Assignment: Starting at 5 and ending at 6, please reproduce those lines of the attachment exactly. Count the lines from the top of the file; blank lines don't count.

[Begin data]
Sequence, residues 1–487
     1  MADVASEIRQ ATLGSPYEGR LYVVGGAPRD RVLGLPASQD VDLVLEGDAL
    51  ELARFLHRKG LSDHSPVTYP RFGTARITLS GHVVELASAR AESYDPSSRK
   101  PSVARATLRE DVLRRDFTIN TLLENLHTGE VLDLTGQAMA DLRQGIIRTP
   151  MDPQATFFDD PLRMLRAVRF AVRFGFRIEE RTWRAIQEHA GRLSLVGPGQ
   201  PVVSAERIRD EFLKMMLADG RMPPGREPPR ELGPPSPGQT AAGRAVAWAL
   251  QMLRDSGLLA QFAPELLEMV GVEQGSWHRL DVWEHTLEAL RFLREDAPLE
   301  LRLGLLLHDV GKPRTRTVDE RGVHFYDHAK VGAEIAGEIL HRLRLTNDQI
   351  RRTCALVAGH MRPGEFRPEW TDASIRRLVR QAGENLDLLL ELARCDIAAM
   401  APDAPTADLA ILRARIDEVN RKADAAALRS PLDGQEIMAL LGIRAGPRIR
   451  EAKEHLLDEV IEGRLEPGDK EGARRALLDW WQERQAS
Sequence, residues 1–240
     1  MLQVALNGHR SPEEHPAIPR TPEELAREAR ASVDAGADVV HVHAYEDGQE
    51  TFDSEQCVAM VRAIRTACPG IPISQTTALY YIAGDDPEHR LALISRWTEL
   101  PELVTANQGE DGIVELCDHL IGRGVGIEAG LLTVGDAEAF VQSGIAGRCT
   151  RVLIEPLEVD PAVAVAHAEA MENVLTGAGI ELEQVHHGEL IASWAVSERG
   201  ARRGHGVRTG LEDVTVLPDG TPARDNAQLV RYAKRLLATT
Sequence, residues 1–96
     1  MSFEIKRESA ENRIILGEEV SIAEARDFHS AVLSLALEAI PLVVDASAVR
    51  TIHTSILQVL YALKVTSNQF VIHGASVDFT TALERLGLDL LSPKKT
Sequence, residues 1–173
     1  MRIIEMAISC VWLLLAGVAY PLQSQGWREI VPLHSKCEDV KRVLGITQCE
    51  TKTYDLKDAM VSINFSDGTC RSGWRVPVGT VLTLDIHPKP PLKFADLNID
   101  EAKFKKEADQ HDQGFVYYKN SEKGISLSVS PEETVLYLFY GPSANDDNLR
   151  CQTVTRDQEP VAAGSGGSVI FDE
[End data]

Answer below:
   151  MDPQATFFDD PLRMLRAVRF AVRFGFRIEE RTWRAIQEHA GRLSLVGPGQ
   201  PVVSAERIRD EFLKMMLADG RMPPGREPPR ELGPPSPGQT AAGRAVAWAL